It's funny... Historically, I played the role of the Symbian zealot who kept saying that the OS was not as bad as many iOS and Android users thought, and that given the right directions, it could have raised from its imperfect state, with much higher odds of long-term success than WP7. Meanwhile, you were the one telling me that all Elop did was not wrong, that Symbian had probably sunk too far to be saved, and that S40 and the Asha line had dramatically improved under the direction of the new Nokia.

Now, as far as Symbian is concerned, I have switched from denial to resignation. No matter how good it was, it's most definitely dead, and nothing that I can say will ever bring it back. I also did my homework and checked out the Asha line to see if it was as good as you were implying, at least for my use cases. And right now, with this post, YOU are the one telling me that Symbian is great even in his death bead and that I should really check it out. Truly, how things have changed ! ;)

Anyway, I think that BB10 and S40 are in a different position than Symbian.

Symbian has been officially EOLd, just like WebOS, Meego and Windows Mobile 6 before it. If the history of these three OSs is to repeat itself, it will perhaps see some community interest like Meego and WebOS have. But considering the current level of said interest, it is most likely going to fall into irrelevance oblivion alongside Windows Mobile instead.

S40 and BB10 are, to the contrary, still useful to their respective developers. Since Windows Phone is a commercial failure and since it is not in Microsoft's DNA to produce light OSs for lower-end phones, S40 device sales are likely that little thing which (barely) keeps Nokia on life support right now. In such a case, if Nokia don't want to switch back to making rubber boots, they'll have to somehow support that OS, cherish it, and keep it competitive in the long run whether they like it or not. So it is likely going to improve over time, perhaps even silently getting patches from the Symbian codebase so as to increase its architectural flexibility.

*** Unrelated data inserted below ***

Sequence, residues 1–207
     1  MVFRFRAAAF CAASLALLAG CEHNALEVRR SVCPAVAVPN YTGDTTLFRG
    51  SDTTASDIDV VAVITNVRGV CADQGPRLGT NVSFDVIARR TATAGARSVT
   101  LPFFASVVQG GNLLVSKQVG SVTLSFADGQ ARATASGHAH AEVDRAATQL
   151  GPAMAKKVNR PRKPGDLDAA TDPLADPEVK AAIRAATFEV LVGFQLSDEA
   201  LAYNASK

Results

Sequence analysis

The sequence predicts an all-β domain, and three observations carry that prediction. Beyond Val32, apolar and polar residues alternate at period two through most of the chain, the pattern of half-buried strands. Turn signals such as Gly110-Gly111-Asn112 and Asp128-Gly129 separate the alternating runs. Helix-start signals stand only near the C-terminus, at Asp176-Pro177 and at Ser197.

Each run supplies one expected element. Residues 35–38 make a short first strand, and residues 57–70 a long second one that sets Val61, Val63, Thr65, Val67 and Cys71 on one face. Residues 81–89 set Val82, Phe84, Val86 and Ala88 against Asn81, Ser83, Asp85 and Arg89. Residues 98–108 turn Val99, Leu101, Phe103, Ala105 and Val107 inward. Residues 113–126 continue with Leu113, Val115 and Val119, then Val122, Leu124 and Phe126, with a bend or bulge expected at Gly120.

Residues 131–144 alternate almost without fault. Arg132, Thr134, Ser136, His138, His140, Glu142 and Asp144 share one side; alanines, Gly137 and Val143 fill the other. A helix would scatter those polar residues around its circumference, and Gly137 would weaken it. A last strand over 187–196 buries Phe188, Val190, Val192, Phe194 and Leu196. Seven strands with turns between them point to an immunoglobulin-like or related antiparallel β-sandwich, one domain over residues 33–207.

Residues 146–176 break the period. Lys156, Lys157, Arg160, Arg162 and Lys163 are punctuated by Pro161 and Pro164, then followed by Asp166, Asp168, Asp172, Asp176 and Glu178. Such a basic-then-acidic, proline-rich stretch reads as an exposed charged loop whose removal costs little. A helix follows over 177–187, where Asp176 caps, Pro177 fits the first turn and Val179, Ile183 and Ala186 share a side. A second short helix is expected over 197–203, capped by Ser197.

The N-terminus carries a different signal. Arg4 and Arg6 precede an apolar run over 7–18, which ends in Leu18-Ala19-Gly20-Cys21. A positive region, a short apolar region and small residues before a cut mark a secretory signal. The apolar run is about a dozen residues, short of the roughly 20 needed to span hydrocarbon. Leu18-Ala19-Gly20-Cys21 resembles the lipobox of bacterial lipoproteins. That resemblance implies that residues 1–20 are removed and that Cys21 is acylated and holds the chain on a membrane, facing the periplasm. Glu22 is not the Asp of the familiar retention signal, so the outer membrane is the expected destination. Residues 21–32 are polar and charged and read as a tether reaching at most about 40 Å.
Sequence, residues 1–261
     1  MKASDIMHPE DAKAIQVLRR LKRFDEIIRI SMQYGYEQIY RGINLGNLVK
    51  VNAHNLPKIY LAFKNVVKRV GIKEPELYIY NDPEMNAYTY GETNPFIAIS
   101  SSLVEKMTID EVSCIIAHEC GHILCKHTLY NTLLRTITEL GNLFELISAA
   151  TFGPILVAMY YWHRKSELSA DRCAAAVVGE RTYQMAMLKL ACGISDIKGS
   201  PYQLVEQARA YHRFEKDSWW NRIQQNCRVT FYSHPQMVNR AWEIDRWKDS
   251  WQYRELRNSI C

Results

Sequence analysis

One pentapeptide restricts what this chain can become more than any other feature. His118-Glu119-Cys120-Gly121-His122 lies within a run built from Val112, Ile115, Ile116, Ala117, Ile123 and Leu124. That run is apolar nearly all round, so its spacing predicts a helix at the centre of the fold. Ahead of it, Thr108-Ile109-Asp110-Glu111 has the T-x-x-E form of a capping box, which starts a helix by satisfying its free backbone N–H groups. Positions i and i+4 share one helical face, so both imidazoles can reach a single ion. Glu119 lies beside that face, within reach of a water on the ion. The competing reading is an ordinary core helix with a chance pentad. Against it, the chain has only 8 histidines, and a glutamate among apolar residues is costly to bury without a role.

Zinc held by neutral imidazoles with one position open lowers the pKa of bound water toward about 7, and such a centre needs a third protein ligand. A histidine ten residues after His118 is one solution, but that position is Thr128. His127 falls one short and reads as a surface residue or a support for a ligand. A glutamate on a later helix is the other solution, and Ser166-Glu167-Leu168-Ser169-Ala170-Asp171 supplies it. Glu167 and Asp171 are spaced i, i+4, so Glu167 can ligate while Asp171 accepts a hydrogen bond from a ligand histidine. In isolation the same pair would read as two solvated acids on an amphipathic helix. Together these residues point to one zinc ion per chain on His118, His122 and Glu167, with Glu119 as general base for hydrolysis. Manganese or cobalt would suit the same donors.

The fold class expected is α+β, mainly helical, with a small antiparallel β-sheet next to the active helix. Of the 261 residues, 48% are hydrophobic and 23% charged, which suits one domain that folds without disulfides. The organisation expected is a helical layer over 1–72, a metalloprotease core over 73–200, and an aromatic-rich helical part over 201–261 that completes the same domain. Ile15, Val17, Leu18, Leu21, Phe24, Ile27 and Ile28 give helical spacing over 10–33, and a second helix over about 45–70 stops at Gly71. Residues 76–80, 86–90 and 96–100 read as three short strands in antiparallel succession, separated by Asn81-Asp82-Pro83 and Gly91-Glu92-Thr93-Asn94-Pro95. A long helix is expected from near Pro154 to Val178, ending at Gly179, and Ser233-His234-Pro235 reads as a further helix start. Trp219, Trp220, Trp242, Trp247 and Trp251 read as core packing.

Similarly, BB10 is basically what RIM is betting everything on to stay relevant in the modern cellphone landscape. Only this time, they openly admit it. And for what I know of QNX and its implementation on the PlayBook, it seems to me that they might have taken a pretty solid codebase to build their new OS upon. Now, only time will tell if this new OS will see the same fate as Windows Phone, but RIM do not have a track record similar to Microsoft's impressive history of failures in the mobile space, and user returns are fairly positive so far, so... who knows ?

Anyway, if this thing fails, it seems like all I'll be left with as a QWERTY fan will be S40's prehistoric feature set and legacy devices like Nokia's Symbian phones or those Pre 3 and N900 that are still on sale on eBay, so I better whish RIM the best of luck there ;)

Reply Parent Score: 1